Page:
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Remembered Today:

Deserters imprisoned


Skipman

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24/2/1917 from The People's Journal

" Hiding in the hills. 3 tinkers named John Townsley, George Townsley and John McPhee were charged before Sheriff Syme at Perth on Thursday with having committed 9 acts of theft the articles mainly consisting of food. The accused pleaded guilty and it was explained that they were deserters from the army, and had been hiding in the hills at Killin. Sentence of 6 weeks imprisonment was passed on each of the accused."

I found this article in " The People's Journal " I couldn't find any other mention of it, but wondered why a Civil Court might try, and pass sentence on deserters.

If these men were from a 2nd, or 3rd line battalion, serving in the UK would not the Army have been responsible for punishment?

Mike

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Mike

They were convicted of a criminal offence by a civilian court, which had nothing to do with the army. Desertion was a purely military offence. At the end of their sentences they would have been handed over to the military authorities to be dealt with under military law.

TR

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Thanks very much Terry. I wonder how they were dealt with by the Army?

Say, for example, a soldier on leave, committed a civilian offence, If he was back with his unit overseas , would the civilian authorities have the right to have him sent back to face trial, or would they be content to let the Army dish out the punishment?

Cheers Mike

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Frustratingly, i've found a deserter, 425933 John Townsley ASC of Alloa, hawker by trade. However, he didn't desert until September 1918.

Not too many Townsleys. I'm sure we can trace them.

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Mike

I'm afraid I can't answer that, there are to many variables.

TR

Aye. Sorry Terry. There must have been times when it was difficult to decide who should be responsible?

Cheers Mike

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Frustratingly, i've found a deserter, 425933 John Townsley ASC of Alloa, hawker by trade. However, he didn't desert until September 1918.

Not too many Townsleys. I'm sure we can trace them.

I had a look at the MIC's and there are quite a few. He could also have deserted twice? Perhaps someone with a Scotsman Archives subscription could have a gander, if not I will subscribe for a day sometime soon. I will have a look when get a minute.

Cheers Mike

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19 year old Pte Henry Basire 5th; 6th & 1st Bns Northamptonshire Regt,has 91 odd pages of Service & Civil & Military Courts Martial papers mostly concerned with just this,he deserted following a period of leave in 1916 after being wounded,he & another Soldier were arrested for breaking into two shops a Dairy & a Tobacconists,in North London;making off with a number of items & Cash,both were arrested and tried by the civil courts immprisoned for nearly two years & on release sent to a Military Prison in Dublin,being finally discharged in the 1920s,he received his 1914~15 Star BWM & Victory Medal the MiC; however, simply states "deserter"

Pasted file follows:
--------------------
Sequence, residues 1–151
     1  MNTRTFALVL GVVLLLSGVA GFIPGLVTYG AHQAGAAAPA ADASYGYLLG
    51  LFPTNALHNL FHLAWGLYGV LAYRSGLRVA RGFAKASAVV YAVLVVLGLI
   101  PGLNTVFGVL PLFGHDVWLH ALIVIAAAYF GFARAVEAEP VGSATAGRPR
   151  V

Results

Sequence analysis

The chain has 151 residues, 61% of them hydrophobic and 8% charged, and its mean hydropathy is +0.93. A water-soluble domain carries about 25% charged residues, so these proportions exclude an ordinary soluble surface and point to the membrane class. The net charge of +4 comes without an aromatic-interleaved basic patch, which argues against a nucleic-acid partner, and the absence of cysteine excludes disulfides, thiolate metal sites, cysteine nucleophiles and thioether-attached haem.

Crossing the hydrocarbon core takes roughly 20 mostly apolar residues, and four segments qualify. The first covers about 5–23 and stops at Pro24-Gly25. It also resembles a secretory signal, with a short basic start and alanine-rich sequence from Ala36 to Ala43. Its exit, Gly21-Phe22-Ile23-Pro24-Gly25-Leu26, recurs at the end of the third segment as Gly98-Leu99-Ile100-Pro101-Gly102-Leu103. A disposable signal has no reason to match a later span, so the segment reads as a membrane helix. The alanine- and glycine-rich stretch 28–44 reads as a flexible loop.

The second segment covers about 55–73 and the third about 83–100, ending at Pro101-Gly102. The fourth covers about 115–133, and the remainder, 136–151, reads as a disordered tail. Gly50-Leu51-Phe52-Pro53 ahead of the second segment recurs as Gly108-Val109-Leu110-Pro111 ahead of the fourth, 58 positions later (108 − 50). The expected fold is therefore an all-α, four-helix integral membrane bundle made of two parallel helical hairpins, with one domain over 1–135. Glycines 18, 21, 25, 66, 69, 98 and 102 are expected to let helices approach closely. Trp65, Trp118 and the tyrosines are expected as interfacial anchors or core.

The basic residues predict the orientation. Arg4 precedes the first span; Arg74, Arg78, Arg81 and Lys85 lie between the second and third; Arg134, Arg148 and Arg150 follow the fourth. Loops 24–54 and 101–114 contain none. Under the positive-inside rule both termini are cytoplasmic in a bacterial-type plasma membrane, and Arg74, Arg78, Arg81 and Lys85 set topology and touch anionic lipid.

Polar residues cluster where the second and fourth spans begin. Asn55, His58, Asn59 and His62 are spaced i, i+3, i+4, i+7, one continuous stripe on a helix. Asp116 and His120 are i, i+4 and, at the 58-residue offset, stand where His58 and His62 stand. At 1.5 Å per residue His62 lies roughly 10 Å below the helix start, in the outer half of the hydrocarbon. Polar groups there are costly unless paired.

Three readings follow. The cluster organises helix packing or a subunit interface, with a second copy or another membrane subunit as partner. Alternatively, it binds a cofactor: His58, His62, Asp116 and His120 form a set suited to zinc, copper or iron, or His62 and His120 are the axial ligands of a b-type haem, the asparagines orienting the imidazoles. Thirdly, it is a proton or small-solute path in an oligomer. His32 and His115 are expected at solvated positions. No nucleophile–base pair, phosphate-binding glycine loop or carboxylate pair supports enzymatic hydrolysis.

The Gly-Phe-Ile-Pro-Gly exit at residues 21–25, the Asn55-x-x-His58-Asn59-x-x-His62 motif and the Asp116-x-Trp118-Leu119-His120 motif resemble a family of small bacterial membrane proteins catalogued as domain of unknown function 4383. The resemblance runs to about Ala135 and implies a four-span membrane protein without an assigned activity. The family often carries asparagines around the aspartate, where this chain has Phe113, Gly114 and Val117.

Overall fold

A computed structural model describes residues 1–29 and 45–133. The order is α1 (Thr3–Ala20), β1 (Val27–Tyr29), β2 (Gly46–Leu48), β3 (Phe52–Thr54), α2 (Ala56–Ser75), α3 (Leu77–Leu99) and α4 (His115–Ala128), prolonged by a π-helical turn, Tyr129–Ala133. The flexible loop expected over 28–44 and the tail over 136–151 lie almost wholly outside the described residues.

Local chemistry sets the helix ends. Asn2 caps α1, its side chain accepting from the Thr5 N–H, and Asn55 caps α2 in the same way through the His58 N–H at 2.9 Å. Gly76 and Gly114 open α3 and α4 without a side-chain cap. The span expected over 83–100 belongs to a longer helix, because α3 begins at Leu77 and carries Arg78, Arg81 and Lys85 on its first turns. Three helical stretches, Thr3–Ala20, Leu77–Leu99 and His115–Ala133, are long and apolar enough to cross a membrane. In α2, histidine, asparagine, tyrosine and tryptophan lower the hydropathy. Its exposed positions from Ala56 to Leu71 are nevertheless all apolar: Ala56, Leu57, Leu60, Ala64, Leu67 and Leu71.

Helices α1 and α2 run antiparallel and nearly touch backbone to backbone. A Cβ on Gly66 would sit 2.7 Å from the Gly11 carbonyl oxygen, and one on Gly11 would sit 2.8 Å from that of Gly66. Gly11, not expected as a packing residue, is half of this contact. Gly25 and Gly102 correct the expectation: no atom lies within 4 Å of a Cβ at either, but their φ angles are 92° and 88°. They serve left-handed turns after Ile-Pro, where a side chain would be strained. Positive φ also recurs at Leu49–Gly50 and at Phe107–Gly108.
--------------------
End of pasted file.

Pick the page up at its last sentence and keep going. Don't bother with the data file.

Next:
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Say, for example, a soldier on leave, committed a civilian offence, If he was back with his unit overseas , would the civilian authorities have the right to have him sent back to face trial, or would they be content to let the Army dish out the punishment?

Hello Mike

The Army authorities overseas had the power to deal with soldiers committing ordinary criminal, non-military, offences under Section 41 of the Army Act. They did not have that power in the UK, where the ordinary criminal courts had jurisdiction.

In the scenario you mention, a possible solution would have been for the civil authorities to lay information (and, if necessary, provide witnesses) to the Army, who would then try the soldier by court martial under Section 41.

It is also possible that the Army might post the soldier back to the UK where the civil authorities could "get at him". But I suspect that the Army would be reluctant to release men from military service if they were still considered capable of contributing to the military effort, bearing in mind the constant pressure on manpower.

I don't think the civil authorities could, in effect, extradite a serving soldier from overseas. There are various provisions in the Army Act protecting soldiers from certain civil responsibilities e.g. liability for jury service, and there is still, I believe, a provision that a soldier's pay or gratuity cannot be attached by civil process.

Ron

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<snip} and there is still, I believe, a provision that a soldier's pay or gratuity cannot be attached by civil process.

Ron

That is correct, the Attachment of Earnings Act 1971 does not apply to members of the armed forces although a creditor can apply to the relevant paymaster for an allotment of earnings to be deducted instead.

Nigel

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That is correct, the Attachment of Earnings Act 1971 does not apply to members of the armed forces although a creditor can apply to the relevant paymaster for an allotment of earnings to be deducted instead.

I've found that a copy of the attachment order sent to the Army Payroll office tends to elicit the correct response (i.e cant do it under the order that's been sent) but tends to also result in a note to the commanding officer followed by a rather swift payment by the person involved.

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